City Clerk Dallas Cook announced his intention to run for mayor Saturday morning in front of a small crowd at the public square, citing his “fresh ideas” as reasons voters should elect him.
Cook, 31, plans to challenge incumbent Mayor Mark Eckert in the April 4 election. Eckert, 60, has been mayor since December 2004. Cook was elected to the city clerk position as an independent in 2013, and his father, Rodger Cook, was mayor of Belleville from 1993 to 1997.
Supporters listened in freezing temperatures as Cook outlined plans for what he wants to accomplish as mayor. He said the priority in his campaign will be to address crime, and one of his first orders of business as mayor would be to replace Police Chief Bill Clay.
“I don’t feel like he’s visible in our schools, in our community,” Cook said. “I feel like the police officers are walking on egg shells. We need someone who is out there every day and who communicates better.”
Cook went on to say that the police chief is holed up in his office at the new police station and is inaccessible to the public.
The current mayor, however, defended the police chief in an interview later Saturday.
“I think Mr. Cook is greatly under-informed as to the value and the skills of Bill Clay,” Eckert said. “Chief Clay has done an outstanding job. It’s not easy when you are the administrator and boss of 84 officers and 25 civilians. He is very fair, and he is very effective.”
Cook went on to say that he would give city department heads more autonomy, accusing Eckert of “micro-managing” department heads and preventing them from doing their jobs.
“As mayor, I believe your job is to promote the city, promote a positive community and hire professionals to run their departments. Currently, the mayor runs every single department,” Cook said.
Eckert said he thinks Cook “is very sadly mistaken” about how the mayor does his job.
“I think that’s an easy thing to say when you’ve never held an office like this one. Unfortunately I don’t know that Dallas has been around enough to know what all does go on in City Hall,” Eckert said. “I feel that the last 12 years I have been very consistent and that we have accomplished a lot together.”
Eckert cited growth of Lindenwood University-Belleville, two new shopping centers, a new police station, ordinances to strengthen the housing code, tearing down derelict buildings and road-improvement projects as accomplishments achieved during his tenure.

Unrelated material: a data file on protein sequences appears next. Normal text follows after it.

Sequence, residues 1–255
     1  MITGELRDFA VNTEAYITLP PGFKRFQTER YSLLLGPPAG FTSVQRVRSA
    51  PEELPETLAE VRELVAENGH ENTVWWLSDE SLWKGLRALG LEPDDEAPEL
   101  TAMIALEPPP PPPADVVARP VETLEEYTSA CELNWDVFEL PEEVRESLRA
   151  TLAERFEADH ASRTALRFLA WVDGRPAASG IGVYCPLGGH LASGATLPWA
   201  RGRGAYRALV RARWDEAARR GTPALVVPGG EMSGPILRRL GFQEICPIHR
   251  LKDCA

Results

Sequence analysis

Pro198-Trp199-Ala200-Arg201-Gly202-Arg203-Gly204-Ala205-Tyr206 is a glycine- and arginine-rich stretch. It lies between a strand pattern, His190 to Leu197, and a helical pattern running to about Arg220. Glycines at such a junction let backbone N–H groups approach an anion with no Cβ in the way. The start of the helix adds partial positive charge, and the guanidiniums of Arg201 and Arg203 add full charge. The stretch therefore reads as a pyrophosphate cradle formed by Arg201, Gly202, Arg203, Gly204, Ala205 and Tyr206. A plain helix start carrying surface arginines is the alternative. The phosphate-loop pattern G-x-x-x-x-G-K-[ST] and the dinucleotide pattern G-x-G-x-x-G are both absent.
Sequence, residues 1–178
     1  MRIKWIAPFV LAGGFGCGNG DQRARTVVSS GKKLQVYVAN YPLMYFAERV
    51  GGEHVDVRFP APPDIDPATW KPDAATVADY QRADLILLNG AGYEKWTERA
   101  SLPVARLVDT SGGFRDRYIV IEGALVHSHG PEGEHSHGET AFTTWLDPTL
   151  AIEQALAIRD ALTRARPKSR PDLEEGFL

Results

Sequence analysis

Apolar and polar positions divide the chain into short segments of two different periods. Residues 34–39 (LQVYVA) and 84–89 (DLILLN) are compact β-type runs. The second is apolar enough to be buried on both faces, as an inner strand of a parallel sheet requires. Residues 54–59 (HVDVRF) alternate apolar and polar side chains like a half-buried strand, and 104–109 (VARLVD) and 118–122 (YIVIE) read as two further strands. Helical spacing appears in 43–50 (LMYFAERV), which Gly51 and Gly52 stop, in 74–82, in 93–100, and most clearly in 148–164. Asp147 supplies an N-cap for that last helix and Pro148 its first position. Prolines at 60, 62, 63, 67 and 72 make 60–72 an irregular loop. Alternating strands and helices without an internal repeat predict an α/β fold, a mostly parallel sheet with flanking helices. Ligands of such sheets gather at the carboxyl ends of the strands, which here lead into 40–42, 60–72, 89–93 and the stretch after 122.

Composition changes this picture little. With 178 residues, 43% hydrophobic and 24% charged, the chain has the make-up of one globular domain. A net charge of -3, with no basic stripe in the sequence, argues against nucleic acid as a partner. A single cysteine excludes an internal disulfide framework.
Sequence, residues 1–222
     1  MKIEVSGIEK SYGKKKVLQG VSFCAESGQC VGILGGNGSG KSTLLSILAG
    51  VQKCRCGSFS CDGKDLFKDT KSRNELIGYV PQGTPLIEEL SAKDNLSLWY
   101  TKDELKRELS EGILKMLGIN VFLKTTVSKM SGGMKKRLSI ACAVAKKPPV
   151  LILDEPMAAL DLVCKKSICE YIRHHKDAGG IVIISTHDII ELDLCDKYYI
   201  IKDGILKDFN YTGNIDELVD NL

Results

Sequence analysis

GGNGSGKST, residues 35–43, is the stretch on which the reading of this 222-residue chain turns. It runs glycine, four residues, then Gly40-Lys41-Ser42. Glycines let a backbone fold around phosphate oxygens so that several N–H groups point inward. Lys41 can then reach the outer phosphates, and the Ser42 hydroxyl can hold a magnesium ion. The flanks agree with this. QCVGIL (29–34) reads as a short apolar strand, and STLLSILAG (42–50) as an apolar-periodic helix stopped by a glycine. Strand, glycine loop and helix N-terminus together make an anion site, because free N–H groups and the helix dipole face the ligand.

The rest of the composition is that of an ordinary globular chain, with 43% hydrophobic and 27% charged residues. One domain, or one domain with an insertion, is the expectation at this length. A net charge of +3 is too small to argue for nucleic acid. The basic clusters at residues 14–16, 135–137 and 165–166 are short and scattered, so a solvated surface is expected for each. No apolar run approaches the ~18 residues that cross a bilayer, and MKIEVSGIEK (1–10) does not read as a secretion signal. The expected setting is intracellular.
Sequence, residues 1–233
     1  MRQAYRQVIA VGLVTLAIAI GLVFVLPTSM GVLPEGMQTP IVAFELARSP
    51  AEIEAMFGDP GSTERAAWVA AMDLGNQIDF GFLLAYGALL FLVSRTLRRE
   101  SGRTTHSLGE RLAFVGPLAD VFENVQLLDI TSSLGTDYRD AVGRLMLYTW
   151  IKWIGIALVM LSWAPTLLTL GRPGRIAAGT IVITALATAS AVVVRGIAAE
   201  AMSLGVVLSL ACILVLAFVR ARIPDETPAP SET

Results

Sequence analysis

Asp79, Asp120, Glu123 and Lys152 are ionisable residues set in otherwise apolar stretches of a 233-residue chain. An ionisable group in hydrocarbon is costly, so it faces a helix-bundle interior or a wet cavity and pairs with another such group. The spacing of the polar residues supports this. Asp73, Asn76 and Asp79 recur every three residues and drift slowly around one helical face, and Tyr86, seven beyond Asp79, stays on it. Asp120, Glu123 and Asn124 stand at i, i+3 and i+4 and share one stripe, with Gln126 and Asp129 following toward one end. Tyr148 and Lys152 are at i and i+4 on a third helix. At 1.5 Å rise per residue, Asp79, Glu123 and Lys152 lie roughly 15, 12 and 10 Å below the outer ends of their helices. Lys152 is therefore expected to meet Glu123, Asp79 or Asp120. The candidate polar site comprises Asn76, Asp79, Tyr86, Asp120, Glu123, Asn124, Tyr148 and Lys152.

Cook told the crowd the city’s “aging roads and infrastructure” are also key issues he hopes to address as mayor. He said he would hire an engineering firm to form a list of streets ordered from worst to best condition and would begin working on them in that order.
Cook also said he would push to eliminate Belleville Township, lower the city’s tax levy and hire a full-time city attorney. Also on his list of goals is establishing a splash pad, redirecting tax incentive district money directly to schools and expanding the city’s website to create more transparency.
Alderman Bob White, 70, was at Cook’s announcement. White is running for his second and final four-year term in April’s election, he said.
“I am in support of him,” White said. “We need new blood in office.”
Also in support of Cook is Aunyé Mabry, 27, a cashier in the city treasurer’s office who says she plans to run for city clerk. She said Cook approached her and said he believed she would be a good replacement for him as city clerk. Mabry, a Belleville native, has a bachelor’s degree in journalism from Lincoln University in Jefferson City, Mo., and said, “Communication and people are my thing.”
Ryan Moore, 31, said he plans to run for city treasurer. Moore, a manager at a local bank and Belleville native, said he is also in support of Cook.
Cook said he had already collected between 300 and 400 candidacy signatures, though he said he hopes to collect at least 500 before officially filing paperwork to run for mayor. He said he plans to file sometime in the next week. The filing period begins Monday and ends Dec. 19.